I'm not going to complain too much since the story did make me chuckle a couple of times and Liefeld showed up to do the work. I'm not going to hate on that.
What Happens in Vegas by Duane Swierczynski and Shawn Crystal: This CSI riff feels stale by a couple of years as a dead Deadpool has his body investigated by a quirky team of cops. It's a fairly stupid revenge setup enlivened by the angular but lively art.
Great Balls of Thunder on the Deep Blue Sea by Victor Gischler and Sanford Greene: First off, I love the work of Sanford Greene – it's appropriately cartoony without being child-like. In this case, it's great with this setup where Deadpool makes a nuisance of himself on a cruise vacation (featuring a special guest). This story provides a visual of a certain character playing ping pong – something I thought I'd never see.
This is another wacky Deadpool story but it works because it keeps flowing from one bit to the next as a series of vignettes. It's actually almost cute all things considered.
One Down by Charlie Huston and Kyle Baker: This is the second of the introspective stories offered up in the book as well as the most meta. It's an extended internal conversation as Deadpool and the two voices in his head duke it out about his relationship to violence and the meaning of his very existence. The story asks why we read stories featuring such a fundamentally broken character and how his setup is naturally resistant to comedy – if anything, on a long enough timeline Deadpool is a tragedy.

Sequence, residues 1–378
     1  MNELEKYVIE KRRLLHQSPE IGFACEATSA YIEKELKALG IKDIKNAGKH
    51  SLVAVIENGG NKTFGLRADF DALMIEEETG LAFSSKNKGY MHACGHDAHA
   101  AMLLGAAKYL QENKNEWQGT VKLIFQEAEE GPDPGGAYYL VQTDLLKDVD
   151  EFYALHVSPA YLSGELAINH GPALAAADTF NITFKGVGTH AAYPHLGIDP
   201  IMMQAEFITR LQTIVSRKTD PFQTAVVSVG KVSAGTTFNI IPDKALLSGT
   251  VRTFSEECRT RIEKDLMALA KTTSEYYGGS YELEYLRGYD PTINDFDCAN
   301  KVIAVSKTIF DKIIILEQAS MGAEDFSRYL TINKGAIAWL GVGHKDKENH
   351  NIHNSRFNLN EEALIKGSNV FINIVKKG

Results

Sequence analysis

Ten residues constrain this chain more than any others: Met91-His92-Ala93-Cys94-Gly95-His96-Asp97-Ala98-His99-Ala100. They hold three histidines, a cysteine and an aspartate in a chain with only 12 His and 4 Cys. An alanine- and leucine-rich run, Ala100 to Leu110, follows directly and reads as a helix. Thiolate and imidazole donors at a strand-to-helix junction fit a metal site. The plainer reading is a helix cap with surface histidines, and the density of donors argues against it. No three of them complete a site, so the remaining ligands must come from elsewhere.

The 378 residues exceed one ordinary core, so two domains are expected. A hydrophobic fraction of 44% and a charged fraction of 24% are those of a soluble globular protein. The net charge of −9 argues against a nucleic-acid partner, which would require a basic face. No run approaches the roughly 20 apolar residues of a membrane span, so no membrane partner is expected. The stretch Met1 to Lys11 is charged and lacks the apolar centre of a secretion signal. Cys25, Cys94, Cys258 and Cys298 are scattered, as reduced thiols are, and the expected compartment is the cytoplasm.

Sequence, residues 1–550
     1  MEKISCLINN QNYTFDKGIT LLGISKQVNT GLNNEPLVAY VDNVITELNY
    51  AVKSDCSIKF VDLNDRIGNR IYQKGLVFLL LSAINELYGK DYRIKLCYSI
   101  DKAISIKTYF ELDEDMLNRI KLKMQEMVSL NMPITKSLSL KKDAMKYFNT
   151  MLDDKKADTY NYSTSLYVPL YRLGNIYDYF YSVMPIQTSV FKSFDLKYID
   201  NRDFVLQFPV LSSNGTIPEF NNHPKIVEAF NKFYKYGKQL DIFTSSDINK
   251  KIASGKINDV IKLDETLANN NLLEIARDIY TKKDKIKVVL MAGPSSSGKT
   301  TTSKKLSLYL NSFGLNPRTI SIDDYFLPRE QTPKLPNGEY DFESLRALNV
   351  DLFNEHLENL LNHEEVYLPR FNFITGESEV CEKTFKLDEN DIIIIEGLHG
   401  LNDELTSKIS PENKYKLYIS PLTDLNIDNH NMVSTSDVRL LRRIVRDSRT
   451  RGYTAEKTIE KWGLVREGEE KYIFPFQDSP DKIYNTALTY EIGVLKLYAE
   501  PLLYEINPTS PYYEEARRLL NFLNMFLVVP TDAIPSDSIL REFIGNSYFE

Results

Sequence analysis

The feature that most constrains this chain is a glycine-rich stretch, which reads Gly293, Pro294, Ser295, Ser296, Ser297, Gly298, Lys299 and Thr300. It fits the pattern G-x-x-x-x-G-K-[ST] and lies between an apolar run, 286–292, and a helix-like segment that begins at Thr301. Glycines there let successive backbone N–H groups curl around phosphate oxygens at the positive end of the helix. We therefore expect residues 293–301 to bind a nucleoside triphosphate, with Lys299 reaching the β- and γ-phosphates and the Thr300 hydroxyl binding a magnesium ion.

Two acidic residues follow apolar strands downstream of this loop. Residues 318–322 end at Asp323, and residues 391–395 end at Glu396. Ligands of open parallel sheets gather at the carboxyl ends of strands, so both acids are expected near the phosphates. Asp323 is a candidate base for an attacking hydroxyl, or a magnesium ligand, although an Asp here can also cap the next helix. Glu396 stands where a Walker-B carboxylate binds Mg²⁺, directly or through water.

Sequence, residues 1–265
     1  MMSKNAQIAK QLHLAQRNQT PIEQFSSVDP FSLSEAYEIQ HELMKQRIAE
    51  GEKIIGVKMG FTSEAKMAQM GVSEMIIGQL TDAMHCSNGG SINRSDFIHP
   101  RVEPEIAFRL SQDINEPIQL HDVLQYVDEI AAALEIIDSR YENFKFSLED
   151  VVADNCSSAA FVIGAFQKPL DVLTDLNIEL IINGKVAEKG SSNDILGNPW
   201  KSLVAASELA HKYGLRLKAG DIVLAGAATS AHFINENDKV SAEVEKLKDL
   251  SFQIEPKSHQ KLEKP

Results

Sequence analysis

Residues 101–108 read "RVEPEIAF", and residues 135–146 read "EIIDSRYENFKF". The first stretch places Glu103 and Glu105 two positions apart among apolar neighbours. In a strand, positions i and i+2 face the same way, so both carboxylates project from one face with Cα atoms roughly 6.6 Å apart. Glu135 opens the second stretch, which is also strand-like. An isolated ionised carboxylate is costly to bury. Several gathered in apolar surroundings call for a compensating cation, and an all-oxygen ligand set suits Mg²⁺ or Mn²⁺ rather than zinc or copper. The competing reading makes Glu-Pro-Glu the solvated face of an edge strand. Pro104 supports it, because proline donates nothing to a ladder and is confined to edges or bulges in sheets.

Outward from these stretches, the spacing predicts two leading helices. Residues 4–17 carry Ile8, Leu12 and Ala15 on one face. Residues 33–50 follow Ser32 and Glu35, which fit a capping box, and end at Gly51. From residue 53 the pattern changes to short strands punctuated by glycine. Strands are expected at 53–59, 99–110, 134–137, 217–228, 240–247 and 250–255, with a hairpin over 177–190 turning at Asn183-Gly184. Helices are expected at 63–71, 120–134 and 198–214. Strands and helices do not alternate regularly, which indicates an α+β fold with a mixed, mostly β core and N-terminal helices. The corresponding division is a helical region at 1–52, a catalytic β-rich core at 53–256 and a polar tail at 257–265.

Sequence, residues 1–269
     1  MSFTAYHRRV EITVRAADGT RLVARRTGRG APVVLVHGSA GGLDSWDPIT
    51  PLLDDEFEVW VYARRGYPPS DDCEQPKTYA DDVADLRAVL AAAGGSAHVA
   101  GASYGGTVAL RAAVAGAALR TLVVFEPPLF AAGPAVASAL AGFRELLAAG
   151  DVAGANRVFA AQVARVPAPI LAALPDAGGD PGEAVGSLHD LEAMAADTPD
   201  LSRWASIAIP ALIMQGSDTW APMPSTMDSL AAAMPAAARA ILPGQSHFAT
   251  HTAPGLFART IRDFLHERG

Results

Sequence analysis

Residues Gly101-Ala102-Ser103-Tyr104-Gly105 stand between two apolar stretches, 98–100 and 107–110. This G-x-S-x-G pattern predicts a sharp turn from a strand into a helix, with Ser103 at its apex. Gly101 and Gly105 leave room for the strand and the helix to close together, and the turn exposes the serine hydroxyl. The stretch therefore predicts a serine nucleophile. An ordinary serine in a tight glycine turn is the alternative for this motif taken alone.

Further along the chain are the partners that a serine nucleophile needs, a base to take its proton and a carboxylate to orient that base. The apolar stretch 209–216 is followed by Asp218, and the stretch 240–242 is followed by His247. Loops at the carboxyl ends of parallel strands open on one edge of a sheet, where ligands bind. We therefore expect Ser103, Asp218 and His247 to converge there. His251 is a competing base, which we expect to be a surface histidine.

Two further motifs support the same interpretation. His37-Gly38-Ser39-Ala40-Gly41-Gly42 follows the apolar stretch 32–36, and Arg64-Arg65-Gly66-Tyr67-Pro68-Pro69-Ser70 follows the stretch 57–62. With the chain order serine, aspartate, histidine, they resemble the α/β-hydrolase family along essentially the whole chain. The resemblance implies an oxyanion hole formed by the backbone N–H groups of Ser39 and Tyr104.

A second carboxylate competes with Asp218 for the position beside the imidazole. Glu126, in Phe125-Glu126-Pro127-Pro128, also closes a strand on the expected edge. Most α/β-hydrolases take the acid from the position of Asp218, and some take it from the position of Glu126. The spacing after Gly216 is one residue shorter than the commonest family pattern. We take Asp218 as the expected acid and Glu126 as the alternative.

Kyle Baker is on art here and it's a little off, only because the (I presume) computer enhancements to the images makes them look a little stiff and some of the colors and effects (particularly the ample blood) feel like a separate layer on top of everything else. Still, it's appropriately moody for the story and helps to make it my favorite of the lot.
Deadpool #1 (reprint): I've never read any of the original issues of Deadpool, so this was an interesting experience. The story straddles the line between the goofy excess of the character and his tortured beginnings. Setting it in Japan gives it the feel of a satire of a Wolverine story, with the character travelling East in the past to find himself but learning hard lessons in the process. I can't say it's aged particularly well, especially since those tropes were about 20 years past their expiration date during the initial publication, but the story supplies enough tender moments to make you care about this masked madman.
Final Word: Marvel has outdone themselves with this book but as an aside I would love it if they scaled back Deadpool's exposure a bit so that we can savor the character instead of having to go through what will be the eventual backlash.
If you liked this review, be sure to check out more of the author’s work at Monster In Your Veins